“In Mexico on the other hand virtually all of the projects taken on by the Tampico yard are EPC based, so the company’s strength has been in developing a detailed in-house engineering capability to fully implement such projects. As such, it is the intent to export such capability for projects outside Mexico. In some cases it is difficult to break into markets like Brazil, which has regulations in place to ensure local content and services are given prominence. However in countries where these requirements are less stringent, for example the US Gulf of Mexico, Argentina, Venezuela and other Gulf of Mexico states, the company has made successful attempts to contract work that will undoubtedly help expand its focus area from its existing yard in Mexico.”
While most companies, when asked, consider 2009 to be the year their business suffered most as the global economic crisis took hold, Jeroen goes on to reveal that Dragados Offshore’s most trying time came in years before: “The real crisis, if you can call it that, for the company occurred in the months preceding the recession when the price of oil tumbled from $150 a barrel to as low as $35, an event that triggered the stalling or postponement of several major projects. With the oil price having recovered considerably in the time since, clients are initiating new projects that they now see as being more profitable in both the short and long term.”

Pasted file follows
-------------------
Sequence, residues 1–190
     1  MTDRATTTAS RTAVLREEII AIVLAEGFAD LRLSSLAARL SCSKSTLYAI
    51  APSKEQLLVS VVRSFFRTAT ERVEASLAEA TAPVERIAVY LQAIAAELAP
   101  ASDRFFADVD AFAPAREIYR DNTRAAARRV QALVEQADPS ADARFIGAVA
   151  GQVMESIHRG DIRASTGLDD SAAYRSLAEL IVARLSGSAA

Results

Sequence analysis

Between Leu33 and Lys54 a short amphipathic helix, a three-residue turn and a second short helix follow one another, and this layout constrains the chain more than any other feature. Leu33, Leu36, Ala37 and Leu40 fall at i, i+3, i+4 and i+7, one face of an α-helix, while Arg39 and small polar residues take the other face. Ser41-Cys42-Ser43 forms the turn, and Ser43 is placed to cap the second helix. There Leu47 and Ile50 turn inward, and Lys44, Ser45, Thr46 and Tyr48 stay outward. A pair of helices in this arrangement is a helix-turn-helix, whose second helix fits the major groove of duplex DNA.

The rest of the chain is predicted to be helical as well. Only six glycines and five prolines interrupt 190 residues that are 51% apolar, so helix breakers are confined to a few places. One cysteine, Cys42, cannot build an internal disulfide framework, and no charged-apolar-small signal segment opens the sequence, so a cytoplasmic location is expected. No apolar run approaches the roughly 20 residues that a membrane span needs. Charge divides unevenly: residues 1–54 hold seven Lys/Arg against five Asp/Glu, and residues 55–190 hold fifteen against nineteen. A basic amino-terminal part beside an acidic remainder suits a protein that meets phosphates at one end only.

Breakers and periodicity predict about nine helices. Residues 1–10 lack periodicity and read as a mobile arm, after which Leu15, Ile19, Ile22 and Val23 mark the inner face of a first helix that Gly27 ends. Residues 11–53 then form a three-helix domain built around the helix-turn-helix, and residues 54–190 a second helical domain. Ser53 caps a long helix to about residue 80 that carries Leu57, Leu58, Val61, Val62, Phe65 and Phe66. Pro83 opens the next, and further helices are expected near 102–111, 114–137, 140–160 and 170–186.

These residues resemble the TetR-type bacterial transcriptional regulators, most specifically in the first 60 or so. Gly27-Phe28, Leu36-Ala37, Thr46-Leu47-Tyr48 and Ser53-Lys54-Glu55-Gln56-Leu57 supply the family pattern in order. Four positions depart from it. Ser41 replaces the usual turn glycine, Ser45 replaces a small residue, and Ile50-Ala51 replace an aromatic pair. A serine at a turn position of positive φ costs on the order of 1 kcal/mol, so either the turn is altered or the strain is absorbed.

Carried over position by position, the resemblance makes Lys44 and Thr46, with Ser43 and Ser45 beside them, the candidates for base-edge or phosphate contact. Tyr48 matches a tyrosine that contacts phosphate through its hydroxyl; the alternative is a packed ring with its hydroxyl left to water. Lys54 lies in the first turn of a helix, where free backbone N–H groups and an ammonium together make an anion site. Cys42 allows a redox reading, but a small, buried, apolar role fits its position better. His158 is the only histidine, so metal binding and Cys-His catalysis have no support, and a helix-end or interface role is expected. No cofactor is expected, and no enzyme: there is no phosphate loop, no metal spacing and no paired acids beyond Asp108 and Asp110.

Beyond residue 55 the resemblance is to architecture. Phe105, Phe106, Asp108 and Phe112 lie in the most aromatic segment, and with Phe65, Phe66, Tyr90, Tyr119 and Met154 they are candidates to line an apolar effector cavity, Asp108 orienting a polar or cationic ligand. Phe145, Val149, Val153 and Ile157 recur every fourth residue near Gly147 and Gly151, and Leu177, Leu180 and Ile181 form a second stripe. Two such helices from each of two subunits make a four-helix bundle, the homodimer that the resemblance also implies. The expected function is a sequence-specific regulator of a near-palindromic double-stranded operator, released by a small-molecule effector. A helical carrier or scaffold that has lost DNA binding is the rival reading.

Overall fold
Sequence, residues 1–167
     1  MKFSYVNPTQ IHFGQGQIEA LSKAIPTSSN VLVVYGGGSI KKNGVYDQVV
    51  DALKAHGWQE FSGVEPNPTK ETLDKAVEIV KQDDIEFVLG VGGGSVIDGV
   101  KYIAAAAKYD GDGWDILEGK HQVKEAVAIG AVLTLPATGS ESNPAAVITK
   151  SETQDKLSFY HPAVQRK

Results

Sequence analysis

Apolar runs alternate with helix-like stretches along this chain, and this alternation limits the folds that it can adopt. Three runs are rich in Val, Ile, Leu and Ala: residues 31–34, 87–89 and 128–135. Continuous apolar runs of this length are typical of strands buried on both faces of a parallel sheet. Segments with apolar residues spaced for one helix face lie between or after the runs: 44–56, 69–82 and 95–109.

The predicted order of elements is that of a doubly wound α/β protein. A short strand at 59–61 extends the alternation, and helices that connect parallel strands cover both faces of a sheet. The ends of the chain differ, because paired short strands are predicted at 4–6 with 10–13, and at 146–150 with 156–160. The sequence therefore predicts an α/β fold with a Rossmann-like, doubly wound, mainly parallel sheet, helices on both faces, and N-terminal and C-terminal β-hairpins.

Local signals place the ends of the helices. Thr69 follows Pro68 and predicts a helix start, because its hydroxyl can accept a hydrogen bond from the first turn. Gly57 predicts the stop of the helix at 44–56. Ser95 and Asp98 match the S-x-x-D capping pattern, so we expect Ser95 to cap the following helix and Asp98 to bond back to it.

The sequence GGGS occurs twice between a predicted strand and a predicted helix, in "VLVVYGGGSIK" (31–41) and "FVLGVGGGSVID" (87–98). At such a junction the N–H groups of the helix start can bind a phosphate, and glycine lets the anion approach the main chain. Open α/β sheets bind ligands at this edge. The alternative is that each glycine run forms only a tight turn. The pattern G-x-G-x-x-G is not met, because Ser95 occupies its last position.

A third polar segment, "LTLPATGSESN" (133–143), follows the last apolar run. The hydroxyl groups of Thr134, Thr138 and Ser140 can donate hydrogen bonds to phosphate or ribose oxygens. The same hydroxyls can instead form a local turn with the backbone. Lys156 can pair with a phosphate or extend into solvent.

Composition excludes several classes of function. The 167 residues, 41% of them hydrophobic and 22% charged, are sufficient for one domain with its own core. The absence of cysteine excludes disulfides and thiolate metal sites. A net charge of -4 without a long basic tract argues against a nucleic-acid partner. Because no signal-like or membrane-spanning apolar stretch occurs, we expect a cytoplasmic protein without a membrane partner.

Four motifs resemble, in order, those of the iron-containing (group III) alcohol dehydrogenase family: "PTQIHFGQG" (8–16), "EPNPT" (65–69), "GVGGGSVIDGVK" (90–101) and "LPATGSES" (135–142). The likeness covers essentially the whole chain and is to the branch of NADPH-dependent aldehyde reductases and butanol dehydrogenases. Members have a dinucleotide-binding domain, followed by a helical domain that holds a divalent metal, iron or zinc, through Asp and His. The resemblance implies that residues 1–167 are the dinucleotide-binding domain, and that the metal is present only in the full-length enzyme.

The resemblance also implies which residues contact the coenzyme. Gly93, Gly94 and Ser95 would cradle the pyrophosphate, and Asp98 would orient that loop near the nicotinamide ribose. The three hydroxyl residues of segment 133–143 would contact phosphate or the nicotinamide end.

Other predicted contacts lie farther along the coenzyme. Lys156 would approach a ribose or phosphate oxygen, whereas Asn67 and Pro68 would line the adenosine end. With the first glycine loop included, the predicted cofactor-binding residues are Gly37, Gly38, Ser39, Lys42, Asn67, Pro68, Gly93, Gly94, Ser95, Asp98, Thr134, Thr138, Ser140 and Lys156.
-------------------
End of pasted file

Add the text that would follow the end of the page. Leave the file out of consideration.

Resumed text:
As the company looks towards the future, Jeroen is quick to highlight that there are two avenues it is pursuing that its hopes will lead to increased growth and greater activity levels: “Dragados Offshore is looking at two particular things at this time when it comes to expanding its footprint in the oil and gas industry, those being geographical expansion and the diversification of its business. There are certain developing nations that are becoming the source of more and more work and while areas like the Middle East and the Far East are not currently part of the company’s plans, Brazil definitely is. As mentioned already Brazil does have strict local content requirements, so to overcome this Dragados Offshore needs to establish a local presence here and is already in search of suitable partners that can assist in the building of a modern, all purpose yard in the country.
“The changing nature of the oil and gas industry in the North Sea will also facilitate the need for Dragados Offshore to evolve its own operations. As time passes, the number of fixed platforms in the region will fall, while at the same time the number of deepwater floating structures will rise. This means that the company’s Spanish yards are now in need of developing deepwater solutions and facilities that can fabricate and integrate the work these future projects will require. By adding these capabilities, and exploiting the existing integration and graving dock yard in Algeciras, Dragados Offshore can ensure that it will be playing an important role within the industry for many years to come.”
Services: Offshore engineering and fabrication